The wheelings and dealings in the Garden State land preservation game
Sunday, July 3, 2011
Silas Condict Park Expands With 162 Acre Acquisition in Kinnelon
By Ariana Cohn, kinnelon.patch.com
After a decade of efforts made by the borough council, residents and land preservationists, the Borough of Kinnelon announced the acquisition of the 162-acre Weber Tract this month, turning 62 acres of the property over to the Morris County Park Commission to be used as an extension of Silas Condict Park.
"I'm sure that these additional 62 acres only compliment what's already in place," Mayor Bob Collins said Thursday during an event to celebrate the closing at Silas Condict Park.
"As I prepared my comments for today's celebration for the Weber Tract acquisition, I thought about how lengthy and difficult the process of purchasing this property was. But I also thought about how rewarding and remarkable it is, and forever will be, for countless future generations," he said.
Collins thanked the Weber family for being patient throughout what he described as an "arduous" process for the borough to acquire the land.
Morris County Freeholders Tom Mastrangelo, Gene Feyl and Ann Grossi presented the borough with a big check for $2.2 million during the event. Also present at the event was Cindy Randazzo from the New Jersey Department of Environmental Protection (NJDEP) Green Acres Program, Glenn Schweizer from the Morris County Municipal Utilities Authority, Morris County Park Commissioners David Helmer and John Sette and many others involved with the project.
"On behalf of the rest of the board, with Gene and Ann, we're very happy to be part of this celebration regarding the acquisition of the Weber Tract," Mastrangelo said.
"The purchase of these 162 acres was truly a collaborative effort and I'm proud to say that Morris County was one of the funding partners in this project, along with the Morris County Park Commission and the county's Municipal Utilities Authority."
The borough received more than $2.5 million in grants for the acquisition of the land, Collins said. The Morris County Open Space Preservation Trust Fund contributed $1.4 million; $500,000 was provided by the Morris County Park Commission; $300,000 was contributed by the Morris County Municipal Utilities Authority; $300,000 from the New Jersey Green Acres Program; $10,000 was provided by the Land Conservancy of New Jersey; and the borough put in $286,250 from its own Open Space Trust Fund, in addition to $3,750 being raised by Kinnelon residents.
The 62 acres of land transferred to the Morris County Park Commission will be used as an extension of Silas Condict Park while the remaining land will be available to residents for passive recreation, including hiking, snow shoeing and horseback riding.
Since 2005, the Land Conservancy of New Jersey has helped Kinnelon preserve 1,592 acres of land and has contributed $1,324,551 to help with preservation projects. The group serves as open space advisors for more than 30 municipalities statewide, according to President David Epstein.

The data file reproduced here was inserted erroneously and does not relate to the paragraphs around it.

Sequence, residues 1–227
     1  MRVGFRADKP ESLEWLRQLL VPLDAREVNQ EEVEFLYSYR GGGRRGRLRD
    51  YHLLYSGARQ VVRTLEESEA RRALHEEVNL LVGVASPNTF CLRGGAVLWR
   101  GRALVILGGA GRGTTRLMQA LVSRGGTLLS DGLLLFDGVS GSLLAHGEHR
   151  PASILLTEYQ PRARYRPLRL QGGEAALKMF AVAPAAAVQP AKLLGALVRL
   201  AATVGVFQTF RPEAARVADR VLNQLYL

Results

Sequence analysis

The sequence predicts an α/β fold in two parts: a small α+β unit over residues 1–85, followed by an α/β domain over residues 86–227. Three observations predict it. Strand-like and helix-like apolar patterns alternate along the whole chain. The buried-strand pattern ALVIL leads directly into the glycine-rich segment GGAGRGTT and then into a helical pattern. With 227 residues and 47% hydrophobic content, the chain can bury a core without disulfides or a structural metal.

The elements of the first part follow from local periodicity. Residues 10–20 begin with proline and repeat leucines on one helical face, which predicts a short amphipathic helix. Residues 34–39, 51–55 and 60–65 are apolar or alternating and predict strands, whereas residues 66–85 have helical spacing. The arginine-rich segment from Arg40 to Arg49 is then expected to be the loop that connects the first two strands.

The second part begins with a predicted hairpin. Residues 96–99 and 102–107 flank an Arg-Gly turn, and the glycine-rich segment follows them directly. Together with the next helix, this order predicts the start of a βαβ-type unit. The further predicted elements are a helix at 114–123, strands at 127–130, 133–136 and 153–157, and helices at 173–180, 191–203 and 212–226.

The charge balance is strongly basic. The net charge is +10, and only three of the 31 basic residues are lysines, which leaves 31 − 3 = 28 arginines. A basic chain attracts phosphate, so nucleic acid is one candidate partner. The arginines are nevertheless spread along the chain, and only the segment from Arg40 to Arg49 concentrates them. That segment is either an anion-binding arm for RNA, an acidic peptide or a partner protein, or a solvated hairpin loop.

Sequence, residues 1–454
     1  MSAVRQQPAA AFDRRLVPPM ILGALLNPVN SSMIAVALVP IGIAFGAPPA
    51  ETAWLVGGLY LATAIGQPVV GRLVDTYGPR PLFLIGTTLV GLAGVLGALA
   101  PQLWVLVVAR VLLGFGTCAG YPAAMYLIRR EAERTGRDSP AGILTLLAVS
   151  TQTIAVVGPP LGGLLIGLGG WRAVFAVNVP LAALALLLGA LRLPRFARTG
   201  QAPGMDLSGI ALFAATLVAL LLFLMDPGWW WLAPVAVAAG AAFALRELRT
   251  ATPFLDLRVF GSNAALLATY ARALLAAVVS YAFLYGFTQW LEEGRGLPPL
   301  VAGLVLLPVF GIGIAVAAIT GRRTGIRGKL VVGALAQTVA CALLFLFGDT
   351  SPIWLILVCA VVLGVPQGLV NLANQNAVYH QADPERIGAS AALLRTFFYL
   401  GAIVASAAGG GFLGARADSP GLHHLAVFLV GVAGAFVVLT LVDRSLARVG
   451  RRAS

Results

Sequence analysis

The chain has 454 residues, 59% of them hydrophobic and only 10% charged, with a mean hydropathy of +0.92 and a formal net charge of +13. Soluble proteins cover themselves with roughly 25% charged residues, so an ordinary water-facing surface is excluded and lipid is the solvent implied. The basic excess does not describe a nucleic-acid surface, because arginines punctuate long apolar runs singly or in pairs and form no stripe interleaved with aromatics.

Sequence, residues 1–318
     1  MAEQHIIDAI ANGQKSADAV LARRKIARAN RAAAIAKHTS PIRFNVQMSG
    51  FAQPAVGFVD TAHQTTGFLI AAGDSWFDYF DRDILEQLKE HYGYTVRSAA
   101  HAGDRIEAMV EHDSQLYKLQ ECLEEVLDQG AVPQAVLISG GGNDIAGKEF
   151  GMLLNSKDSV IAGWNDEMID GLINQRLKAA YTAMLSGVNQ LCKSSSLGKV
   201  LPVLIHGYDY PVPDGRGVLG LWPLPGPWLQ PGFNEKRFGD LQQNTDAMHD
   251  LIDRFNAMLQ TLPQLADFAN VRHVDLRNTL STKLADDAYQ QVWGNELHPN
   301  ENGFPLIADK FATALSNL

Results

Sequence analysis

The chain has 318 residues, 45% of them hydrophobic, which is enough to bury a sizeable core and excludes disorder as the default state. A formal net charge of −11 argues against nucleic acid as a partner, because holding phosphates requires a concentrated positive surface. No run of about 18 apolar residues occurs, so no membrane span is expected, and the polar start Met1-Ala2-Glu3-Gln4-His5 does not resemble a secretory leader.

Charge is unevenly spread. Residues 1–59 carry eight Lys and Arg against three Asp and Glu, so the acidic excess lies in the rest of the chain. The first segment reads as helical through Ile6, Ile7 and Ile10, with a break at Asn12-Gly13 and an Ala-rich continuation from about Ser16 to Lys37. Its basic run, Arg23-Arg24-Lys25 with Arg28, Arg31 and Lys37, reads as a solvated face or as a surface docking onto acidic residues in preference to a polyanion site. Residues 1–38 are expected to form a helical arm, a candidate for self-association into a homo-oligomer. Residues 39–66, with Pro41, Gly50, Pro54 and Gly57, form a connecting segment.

Epstein said Thursday that the portion of money the Land Conservancy of New Jersey raised for this project was the result of a New Jersey Department of Environmental Protection (NJDEP) program that helps fund watershed protection projects using money from environmental settlements.
"It was an expensive project and it needed all the dollars it could get," he said.
According to Epstein, before a group of about 50 Kinnelon residents approached the borough about acquiring the land, a development project including more than 140 condominiums was being considered for the site. Epstein said the Land Conservancy of New Jersey got then-mayor Glenn Sisco and Collins involved and on board with the preservation project.
The Land Conservancy of New Jersey's goal, he said, is to have adjoining parcels of preserved open space and to develop maps so that hikers can go from a trail in one park and end up on a trail in another. The group displayed such a map during Thursday's event.
President of the Morris County Park Commission John Sette said, "It's nice when this stuff comes to fruition."
"Morris County's been ahead of this for many, many years and we'll stay ahead of it," he said of the commission acquiring open space and building on the county's park system.
"Come back," Collins said at the conclusion of his remarks. "We have a great town, we have a great park system and we have a great county."
It's out there, even if it's not always so easy to spot.
Born and raised in New Jersey, having spent some time elsewhere, including western New York and South Korea, the author has always come back to the place of his birth, the place he loves, the Garden State. There is a lot to love about New Jersey, not least of which is some of the most beautiful, plentiful, awe-inspiring farmland and open space. But, being the most densely populated state in the nation, some of that space can be hard to find. So, he takes great pride in finding it and thus sharing the knowledge of its existence with others.
If you have an article or idea to share, email John Dunphy at firstname.lastname@example.org.